China's Strategy for Africa in the Face of the Coronavirus

The Ivorian Academic Arthur Banga sees the issue of debt relief as the real test for China’s commitment to the continent.

Bild: von Salomon Djidjoho Most of the Chinese support - as here in the rehabilitation of the Beninese stadium - is granted in the form of loans.

Ahead of the China-Africa Forum held in Beijing in 2018, Cyril Ramaphosa had stated that we are living in "a new Golden Age of Sino-African relations". To be convinced of this, one only needs to observe that to date almost all African countries recognize China rather than Taiwan, or yet need to consider the $208.7 billion in trade exchange - the largest recorded to date - between China and Africa in 2019. However, the Sino-African courtship that has been making headway in recent years does not seem to dispel questions and uncertainties linked to the emergence of the Coronavirus. Whereby the need to ponder on the challenges and changes facing the - increasingly privileged - relationship between China and Africa in the context of a global health crisis. Beyond that, what will be the levers for relaunching China-Africa cooperation in the post-crisis period?

This issue is particularly relevant since China, and more precisely Wuhan - one of the most "Africanized" cities in China - is the cradle of the virus. This is not a trivial matter. In fact, if Beijing can boast of having contained the pandemic, this status of "cradle of the virus" tends to ruin all the efforts made to restore its image worldwide and mainly in Africa. Indeed, at a time when the technological prowess and successes of the Chinese model are more or less succeeding in erasing the bad image of "made in China" on the continent, the "china virus" - Trump's expression revealing the geopolitical rivalries surrounding the pandemic - and the controversies surrounding the number of deaths in China, such as those regarding Chinese pressure on the World Health Organization (WHO), are reopening doubts. They are giving more credence to the critics of the China-Africa axis.

Critics of Chinese investors' unwillingness to respect workers' rights, including trade deficit - which had tripled in 2019 - and China's debt burden, all find a strong argument in China's management of Covid-19. This argument is reinforced by the violence perpetrated against Africans in several Chinese cities on the grounds that the latter stimulated the emergence of a second wave. There was so much turmoil on the continent that African consuls accredited to China had to react. From this viewpoint, it can be affirmed that China's handling of the pandemic affected the sympathy accorded to China - the Middle Empire- in Africa and provided ammunition to its opponents.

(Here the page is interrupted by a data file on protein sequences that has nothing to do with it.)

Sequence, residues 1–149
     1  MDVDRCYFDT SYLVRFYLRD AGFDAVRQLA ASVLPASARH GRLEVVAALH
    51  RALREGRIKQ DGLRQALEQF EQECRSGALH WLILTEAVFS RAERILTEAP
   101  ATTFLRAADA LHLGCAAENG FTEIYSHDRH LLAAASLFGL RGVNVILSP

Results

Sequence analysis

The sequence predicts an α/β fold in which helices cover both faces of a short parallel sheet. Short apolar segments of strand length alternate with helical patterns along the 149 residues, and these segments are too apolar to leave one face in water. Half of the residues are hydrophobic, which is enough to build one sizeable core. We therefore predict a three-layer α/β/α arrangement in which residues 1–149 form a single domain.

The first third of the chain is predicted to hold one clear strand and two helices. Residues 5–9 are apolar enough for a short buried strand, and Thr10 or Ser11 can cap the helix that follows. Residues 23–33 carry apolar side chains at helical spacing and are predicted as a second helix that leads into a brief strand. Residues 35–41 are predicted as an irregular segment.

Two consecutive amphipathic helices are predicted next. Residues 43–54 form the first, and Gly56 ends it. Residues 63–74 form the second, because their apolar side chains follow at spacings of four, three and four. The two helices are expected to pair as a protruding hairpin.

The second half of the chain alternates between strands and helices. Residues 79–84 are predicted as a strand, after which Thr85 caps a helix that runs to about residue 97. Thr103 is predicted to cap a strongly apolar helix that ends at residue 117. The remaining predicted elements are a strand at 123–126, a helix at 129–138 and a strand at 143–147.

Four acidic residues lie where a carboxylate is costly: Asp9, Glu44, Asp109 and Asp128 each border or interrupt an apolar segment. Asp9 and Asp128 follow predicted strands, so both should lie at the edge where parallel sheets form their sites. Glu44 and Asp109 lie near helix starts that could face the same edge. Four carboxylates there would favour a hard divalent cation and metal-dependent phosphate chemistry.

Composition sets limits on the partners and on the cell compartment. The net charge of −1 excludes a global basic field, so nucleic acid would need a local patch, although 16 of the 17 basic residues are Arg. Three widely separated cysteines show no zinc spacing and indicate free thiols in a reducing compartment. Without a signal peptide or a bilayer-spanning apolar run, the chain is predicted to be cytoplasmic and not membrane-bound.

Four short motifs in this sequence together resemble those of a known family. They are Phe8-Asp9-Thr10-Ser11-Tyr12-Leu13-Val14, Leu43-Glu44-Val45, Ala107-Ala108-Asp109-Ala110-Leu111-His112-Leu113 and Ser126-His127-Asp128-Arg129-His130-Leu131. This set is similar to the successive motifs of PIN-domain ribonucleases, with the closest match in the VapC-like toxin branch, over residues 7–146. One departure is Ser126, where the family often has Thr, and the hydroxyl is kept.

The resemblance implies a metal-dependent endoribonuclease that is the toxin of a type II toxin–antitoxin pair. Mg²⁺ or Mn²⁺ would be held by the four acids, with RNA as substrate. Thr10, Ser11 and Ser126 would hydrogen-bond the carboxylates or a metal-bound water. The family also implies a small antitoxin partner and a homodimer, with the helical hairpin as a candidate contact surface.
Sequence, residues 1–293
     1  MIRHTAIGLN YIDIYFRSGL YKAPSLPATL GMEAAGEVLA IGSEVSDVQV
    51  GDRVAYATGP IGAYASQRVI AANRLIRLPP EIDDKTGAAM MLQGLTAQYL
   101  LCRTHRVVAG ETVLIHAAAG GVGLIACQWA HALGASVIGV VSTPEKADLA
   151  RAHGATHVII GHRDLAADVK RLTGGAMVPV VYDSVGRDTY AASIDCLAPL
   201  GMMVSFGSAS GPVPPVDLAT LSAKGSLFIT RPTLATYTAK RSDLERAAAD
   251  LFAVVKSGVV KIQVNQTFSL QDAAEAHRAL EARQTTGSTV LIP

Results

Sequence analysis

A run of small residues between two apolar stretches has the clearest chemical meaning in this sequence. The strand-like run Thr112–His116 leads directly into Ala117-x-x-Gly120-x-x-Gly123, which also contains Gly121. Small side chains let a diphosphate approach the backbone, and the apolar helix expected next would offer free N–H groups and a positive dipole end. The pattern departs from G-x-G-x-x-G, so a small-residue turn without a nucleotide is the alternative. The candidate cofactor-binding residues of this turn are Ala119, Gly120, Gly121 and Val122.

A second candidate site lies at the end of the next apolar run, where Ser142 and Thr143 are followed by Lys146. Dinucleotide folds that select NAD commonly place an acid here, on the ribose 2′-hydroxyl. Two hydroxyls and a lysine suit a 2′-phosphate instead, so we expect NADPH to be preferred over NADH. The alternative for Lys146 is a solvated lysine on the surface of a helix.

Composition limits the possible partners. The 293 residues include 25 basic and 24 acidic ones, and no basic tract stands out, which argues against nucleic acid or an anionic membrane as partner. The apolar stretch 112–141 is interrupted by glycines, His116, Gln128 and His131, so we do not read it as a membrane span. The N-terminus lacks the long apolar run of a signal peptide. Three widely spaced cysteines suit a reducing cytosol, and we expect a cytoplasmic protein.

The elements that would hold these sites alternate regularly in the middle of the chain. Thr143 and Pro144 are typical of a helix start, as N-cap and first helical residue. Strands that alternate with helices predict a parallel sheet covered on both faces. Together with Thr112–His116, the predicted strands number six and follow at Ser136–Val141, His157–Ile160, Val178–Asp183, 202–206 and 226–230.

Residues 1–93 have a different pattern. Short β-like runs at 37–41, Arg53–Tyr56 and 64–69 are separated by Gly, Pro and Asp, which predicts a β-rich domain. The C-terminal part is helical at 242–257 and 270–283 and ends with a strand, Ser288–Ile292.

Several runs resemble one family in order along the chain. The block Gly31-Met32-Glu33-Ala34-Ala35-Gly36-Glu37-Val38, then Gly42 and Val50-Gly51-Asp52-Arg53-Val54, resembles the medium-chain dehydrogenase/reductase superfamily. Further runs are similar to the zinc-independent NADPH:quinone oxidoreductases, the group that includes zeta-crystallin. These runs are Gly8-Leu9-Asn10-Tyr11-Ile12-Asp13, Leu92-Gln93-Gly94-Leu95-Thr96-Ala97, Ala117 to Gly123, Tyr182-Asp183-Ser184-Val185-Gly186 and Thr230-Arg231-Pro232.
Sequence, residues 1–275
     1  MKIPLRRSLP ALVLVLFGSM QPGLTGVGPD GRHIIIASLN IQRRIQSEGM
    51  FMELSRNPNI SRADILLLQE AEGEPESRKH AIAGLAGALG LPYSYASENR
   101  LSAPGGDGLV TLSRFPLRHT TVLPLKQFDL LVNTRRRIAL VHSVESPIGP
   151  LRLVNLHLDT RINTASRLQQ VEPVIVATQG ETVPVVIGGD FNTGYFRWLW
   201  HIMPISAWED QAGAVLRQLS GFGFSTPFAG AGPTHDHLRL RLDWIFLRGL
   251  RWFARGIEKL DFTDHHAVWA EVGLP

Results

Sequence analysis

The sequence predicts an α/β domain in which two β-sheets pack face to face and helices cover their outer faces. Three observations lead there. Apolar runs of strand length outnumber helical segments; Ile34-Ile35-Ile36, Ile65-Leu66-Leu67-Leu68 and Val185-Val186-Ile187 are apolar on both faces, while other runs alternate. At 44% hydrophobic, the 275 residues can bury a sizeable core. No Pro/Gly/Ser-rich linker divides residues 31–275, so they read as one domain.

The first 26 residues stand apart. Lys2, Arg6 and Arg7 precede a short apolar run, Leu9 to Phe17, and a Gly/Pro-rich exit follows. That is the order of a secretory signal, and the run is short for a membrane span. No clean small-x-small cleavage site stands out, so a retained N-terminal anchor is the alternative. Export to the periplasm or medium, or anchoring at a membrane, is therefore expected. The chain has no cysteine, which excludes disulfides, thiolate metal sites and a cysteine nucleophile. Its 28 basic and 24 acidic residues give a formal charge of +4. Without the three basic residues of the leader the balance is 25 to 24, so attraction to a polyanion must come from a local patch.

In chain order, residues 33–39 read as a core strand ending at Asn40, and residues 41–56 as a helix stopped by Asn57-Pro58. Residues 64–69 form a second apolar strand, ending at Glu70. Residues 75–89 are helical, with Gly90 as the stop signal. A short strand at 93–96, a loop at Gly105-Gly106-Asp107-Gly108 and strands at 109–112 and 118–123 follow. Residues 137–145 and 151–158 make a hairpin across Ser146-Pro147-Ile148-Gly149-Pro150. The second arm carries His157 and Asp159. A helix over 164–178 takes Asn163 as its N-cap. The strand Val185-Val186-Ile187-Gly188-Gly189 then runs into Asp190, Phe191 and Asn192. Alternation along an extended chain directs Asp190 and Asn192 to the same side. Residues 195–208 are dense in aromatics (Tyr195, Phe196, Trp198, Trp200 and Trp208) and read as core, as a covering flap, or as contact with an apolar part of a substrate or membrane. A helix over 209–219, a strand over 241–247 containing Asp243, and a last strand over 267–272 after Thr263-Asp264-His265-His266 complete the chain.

That notwithstanding, the Chinese diplomacy boasts of several tools in its kitbag. Its leading experts are already working on the geopolitical stakes of this global health crisis. Accordingly, China is forging a thorough "health diplomacy" towards the continent, whilst combining both multilateralism and bilateralism. It has hastily increased its contributions to the WHO in an attempt to offset American disengagement, thus positioning itself as a champion of "health multilateralism". In addition, it has increased bilateral aid by donating equipment (tests, specialized clothing/gears, masks), dispatching health care personnel and sharing its experience. Chinese billionaire Jack Ma has been called upon to help strengthen Chinese soft power. This commitment enables China to strive towards maintaining its goodwill in terms of cooperation with the continent.

In spite of this response, the Coronavirus has exposed the weaknesses of the Sino-African couple. This will have to be taken into account for a fairer relationship in the aftermath of the crisis. Action must be taken to balance the trade deficit, to strengthen technology transfer as well as other scientific and cultural aspects required to intensify this cooperation. The pending issue of African debt cancellation – notably the consequences of the African response plans on national budgets that will lead to huge deficits and a counterproductive austerity policy should said debts not be reduced by the continent's creditors, including China, the largest holder of African debts - will be a real test, a true indicator of China's commitment to the continent and the ability of Africans to take full advantage of their external relations.

Arthur Banga holds a Doctorate in International Relations from the University of Houphouët-Boigny in Abidjan and a Doctorate in History of Military Strategies from the "Ecole Pratique des Hautes Etudes (EPHE)" in Paris. He is a researcher attached to the IRSEM (Institute for Strategic Research of the Military School of Paris). He is the author of several works and scientific publications, a large number of which are devoted to Franco-Ivorian and Sino-Ivoirian relations.


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